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82Whitey51

Blue Angels F/A-18E/Fs

94 posts in this topic

Yeah, but they'll have to remove all the vertical maneuvers from their routine. And the show will last twice as long. They'll need slower music to set their routine to as well. Patsy Cline's good.

I'm fine with that so long as securing that song doesn't cut into the complimentary lotion and kleenex budget that will be needed by the audience once the mighty red white and blue A-10s take to The sky.

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No.

No.

Older. And in fewer numbers. As long as the F-16 is in service, it'll be the aircraft for the Thunderbirds. After that? F-35? T-X? RQ-9? ¯\_(ツ)_/¯

Clearly the thunderbirds would be best served by the Tomcat

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BlueAngel1_zps3014a613.jpg

ThunderBirds1_zps60261929.jpg

That's always an option, although due to budgetary reasons, they'd have to go with:

TopFront_zps882ef823.jpg

TopTop_zps4b5b5544.jpg

Bottom_zpsf42caf3b.jpg

Blue Angels flying left to right, Thunderbirds flying right to left. One big happy squadron!

:)/>

Alvis 3.1

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I'm fine with that so long as securing that song doesn't cut into the complimentary lotion and kleenex budget that will be needed by the audience once the mighty red white and blue A-10s take to The sky.

0360.jpg

ERMAHGERD!!!

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Bottom_zpsf42caf3b.jpg

One big happy squadron!

:)/>/>/>

Alvis 3.1

One big happy squadron operating a single aircraft due to budgetary pressures. Maybe issue a couple more as spares in the event that they still haven't sorted out all the JSF's issues.

The Bluebirds. Coming to an airshow near you in 15 years.

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Personally like thunder angels...

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I think this is more of a matter of necessity, than show-casing the newest jet in the fleet.

The Legacy Hornets are falling apart. And if the Blue's maintenance cant keep parts from falling off...

-Jeff

I really must bite my lip....so...hard...don't...say it....

If they can't WE can! And have been doing so for long and still can make it an effective weapons platform used in theatre today ANNNNDDD use it for an airshow bird.

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I really must bite my lip....so...hard...don't...say it....

If they can't WE can! And have been doing so for long and still can make it an effective weapons platform used in theatre today ANNNNDDD use it for an airshow bird.

Interesting point. I wonder what the annual flight hours are for a USN F/A-18 legacy hornet assigned to a fleet squadron vrs a Canadian jet? From the bits I've seen out there, it sounds like the USN hours are significantly higher.

Might it also have something to do with the toll that sustained carrier ops takes on an airframe?

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Might it also have something to do with the toll that sustained carrier ops takes on an airframe?

I don't do Navy Speak very well, but from what I have heard, the number of take off and landing cycles on a carrier is a much more limiting factor wearing out a particular airframe than total flight hours.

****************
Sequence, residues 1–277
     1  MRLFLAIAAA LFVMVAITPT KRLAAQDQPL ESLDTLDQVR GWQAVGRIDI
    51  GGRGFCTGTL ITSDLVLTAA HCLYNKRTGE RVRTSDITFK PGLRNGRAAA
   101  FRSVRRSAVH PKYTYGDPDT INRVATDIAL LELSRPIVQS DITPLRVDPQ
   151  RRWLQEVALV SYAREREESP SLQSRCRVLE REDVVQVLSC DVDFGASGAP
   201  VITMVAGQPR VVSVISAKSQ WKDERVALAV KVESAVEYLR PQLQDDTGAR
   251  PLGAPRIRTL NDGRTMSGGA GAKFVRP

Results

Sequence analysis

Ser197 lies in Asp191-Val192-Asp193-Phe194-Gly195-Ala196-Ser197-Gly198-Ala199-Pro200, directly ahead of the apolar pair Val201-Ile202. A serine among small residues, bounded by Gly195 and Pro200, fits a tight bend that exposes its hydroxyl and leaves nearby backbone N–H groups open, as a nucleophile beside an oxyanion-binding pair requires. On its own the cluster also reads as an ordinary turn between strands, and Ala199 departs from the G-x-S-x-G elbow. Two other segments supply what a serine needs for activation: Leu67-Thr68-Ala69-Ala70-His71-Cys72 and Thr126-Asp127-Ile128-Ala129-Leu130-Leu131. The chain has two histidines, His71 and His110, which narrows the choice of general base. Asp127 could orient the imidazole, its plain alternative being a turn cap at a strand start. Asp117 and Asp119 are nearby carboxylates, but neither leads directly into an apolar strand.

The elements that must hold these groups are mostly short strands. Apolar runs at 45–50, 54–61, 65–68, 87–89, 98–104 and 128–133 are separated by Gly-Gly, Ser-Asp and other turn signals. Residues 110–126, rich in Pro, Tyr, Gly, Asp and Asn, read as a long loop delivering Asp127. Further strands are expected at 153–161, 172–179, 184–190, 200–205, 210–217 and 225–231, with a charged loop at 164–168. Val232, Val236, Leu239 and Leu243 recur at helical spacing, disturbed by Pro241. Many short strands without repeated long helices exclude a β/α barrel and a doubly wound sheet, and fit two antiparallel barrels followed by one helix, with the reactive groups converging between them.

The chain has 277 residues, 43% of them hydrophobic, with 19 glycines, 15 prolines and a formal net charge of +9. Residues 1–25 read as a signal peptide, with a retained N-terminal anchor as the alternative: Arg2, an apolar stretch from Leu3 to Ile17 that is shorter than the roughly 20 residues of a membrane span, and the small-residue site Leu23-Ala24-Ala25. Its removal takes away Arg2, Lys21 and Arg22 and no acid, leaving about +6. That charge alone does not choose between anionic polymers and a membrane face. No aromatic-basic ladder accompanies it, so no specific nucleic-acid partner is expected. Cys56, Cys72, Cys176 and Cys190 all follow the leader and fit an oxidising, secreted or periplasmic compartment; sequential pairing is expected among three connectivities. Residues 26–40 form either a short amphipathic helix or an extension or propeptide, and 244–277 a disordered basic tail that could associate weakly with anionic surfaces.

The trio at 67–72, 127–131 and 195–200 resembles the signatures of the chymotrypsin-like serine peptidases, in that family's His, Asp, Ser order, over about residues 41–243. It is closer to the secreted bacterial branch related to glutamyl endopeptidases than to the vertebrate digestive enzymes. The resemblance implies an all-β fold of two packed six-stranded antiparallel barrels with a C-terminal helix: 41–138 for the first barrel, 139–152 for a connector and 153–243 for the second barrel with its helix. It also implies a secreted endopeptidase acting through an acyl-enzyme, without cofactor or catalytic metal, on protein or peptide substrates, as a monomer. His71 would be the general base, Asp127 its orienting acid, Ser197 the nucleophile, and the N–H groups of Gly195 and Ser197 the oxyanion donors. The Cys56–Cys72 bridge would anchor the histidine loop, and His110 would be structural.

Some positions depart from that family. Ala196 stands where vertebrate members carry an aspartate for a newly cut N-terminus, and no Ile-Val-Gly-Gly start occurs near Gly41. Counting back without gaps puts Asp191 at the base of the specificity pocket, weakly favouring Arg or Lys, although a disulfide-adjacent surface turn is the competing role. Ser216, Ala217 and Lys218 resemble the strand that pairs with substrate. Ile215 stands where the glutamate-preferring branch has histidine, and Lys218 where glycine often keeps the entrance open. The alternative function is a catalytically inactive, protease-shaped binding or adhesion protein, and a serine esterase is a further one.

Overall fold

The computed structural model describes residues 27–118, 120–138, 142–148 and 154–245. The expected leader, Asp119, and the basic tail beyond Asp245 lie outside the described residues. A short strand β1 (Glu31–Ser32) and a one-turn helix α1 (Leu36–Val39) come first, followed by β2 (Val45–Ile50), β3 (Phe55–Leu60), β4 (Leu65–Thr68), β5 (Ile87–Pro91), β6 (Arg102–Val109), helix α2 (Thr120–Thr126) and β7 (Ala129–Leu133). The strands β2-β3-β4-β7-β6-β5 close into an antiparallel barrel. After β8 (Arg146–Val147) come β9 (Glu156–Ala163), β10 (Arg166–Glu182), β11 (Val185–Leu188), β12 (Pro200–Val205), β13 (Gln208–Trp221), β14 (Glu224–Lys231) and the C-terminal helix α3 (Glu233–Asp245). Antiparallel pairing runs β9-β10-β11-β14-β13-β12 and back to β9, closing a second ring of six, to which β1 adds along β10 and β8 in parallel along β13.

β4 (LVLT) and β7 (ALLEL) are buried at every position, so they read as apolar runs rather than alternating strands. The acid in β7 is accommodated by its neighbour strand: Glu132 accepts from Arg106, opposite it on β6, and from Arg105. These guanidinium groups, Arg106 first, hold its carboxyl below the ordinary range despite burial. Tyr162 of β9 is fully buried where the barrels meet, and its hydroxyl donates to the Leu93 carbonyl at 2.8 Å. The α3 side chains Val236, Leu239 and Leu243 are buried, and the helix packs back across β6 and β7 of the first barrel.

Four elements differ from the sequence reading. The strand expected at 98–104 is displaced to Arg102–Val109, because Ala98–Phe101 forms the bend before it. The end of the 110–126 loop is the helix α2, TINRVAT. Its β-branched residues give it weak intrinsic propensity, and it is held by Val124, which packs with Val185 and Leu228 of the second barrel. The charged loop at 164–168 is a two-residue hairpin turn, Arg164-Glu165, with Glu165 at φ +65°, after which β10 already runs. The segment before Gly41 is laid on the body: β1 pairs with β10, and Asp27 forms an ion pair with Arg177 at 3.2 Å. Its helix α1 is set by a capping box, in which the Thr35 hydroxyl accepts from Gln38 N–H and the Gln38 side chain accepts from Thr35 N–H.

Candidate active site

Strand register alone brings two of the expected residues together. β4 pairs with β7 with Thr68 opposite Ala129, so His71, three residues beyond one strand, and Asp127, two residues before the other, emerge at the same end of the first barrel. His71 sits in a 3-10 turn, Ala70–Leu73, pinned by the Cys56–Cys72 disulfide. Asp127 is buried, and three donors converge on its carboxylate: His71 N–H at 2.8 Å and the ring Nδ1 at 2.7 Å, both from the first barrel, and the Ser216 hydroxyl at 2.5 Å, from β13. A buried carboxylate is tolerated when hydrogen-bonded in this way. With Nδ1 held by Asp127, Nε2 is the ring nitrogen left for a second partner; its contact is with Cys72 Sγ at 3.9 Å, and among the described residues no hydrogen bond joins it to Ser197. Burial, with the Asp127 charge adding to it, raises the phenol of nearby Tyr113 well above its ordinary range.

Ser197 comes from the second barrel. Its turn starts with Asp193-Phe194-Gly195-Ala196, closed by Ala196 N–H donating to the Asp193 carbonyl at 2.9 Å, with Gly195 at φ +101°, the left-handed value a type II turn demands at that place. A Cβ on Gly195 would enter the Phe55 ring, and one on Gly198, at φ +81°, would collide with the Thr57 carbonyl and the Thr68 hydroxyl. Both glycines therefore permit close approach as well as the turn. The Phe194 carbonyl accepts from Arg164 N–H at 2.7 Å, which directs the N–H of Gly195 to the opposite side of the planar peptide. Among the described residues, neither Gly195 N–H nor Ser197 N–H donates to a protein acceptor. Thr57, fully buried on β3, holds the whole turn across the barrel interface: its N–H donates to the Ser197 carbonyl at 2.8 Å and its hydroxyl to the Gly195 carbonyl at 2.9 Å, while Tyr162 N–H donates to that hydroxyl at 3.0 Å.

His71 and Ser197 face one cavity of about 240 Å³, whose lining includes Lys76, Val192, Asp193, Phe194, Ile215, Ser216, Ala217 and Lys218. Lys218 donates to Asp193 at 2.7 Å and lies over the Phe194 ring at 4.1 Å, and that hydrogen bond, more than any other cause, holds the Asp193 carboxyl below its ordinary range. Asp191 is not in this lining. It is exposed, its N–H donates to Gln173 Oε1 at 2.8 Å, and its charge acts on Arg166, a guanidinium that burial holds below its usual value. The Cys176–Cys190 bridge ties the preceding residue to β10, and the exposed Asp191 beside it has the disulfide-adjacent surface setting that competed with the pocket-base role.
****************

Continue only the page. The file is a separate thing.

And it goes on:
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I don't do Navy Speak very well, but from what I have heard, the number of take off and landing cycles on a carrier is a much more limiting factor wearing out a particular airframe than total flight hours.

Correct

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Thunder Angels, or Blue Birds? <_</>

Depends on which side is facing the audience when making knife edge passes!

Alvis 3.1

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Interesting point. I wonder what the annual flight hours are for a USN F/A-18 legacy hornet assigned to a fleet squadron vrs a Canadian jet? From the bits I've seen out there, it sounds like the USN hours are significantly higher.

Might it also have something to do with the toll that sustained carrier ops takes on an airframe?

Canadian a/c are lead the world in terms of airframe hours for legacy a/c Hornets. That was established in the early nineties IIRC. The cycle of hours of Cdn a/c vs USN a/c cannot be generally measured against each other. As each country tracks hours a little differently ( hours are not just calculated as per the flying hours, it's much more complicated than that). Since Canada knows the airframe is req'd to last many many years, we do not have the luxury to replace them at the same rate as our US friends do; therefore the maint on Cdn Hornets are meticulous. As I was talking to a Maint Crew Chief of a USN Sqn, he envied our ability to keep the jets in such great shape. He mistakenly thought they were lot 9 or 10 jets (he had lot 13 - and looked beat up due to a heavy cruise - again the maint on a carrier is much more diff) and was shocked to hear they were in fact lot 4,5,6. We discussed certain aspects of maint between the two countries and it was very different (circumstances and roles). So even at the maint level it is handled differently between the two countries. So measuring them in terms of how they fly them and how others fly them (including maint) would be fruitless and just plain silly to come to a definitive conclusive end. For those who think they know vs for those who actually work on them and see the long term maint and eng perspective would be an eye opener for most; it would take hours to explain. Land based user of the legacy Hornet would be a better comparison than comparing Carrier based vs land based. Apples and oranges. I don't confess to be the expert on the Hornet but, my experiences tells me, you cannot compare in general terms.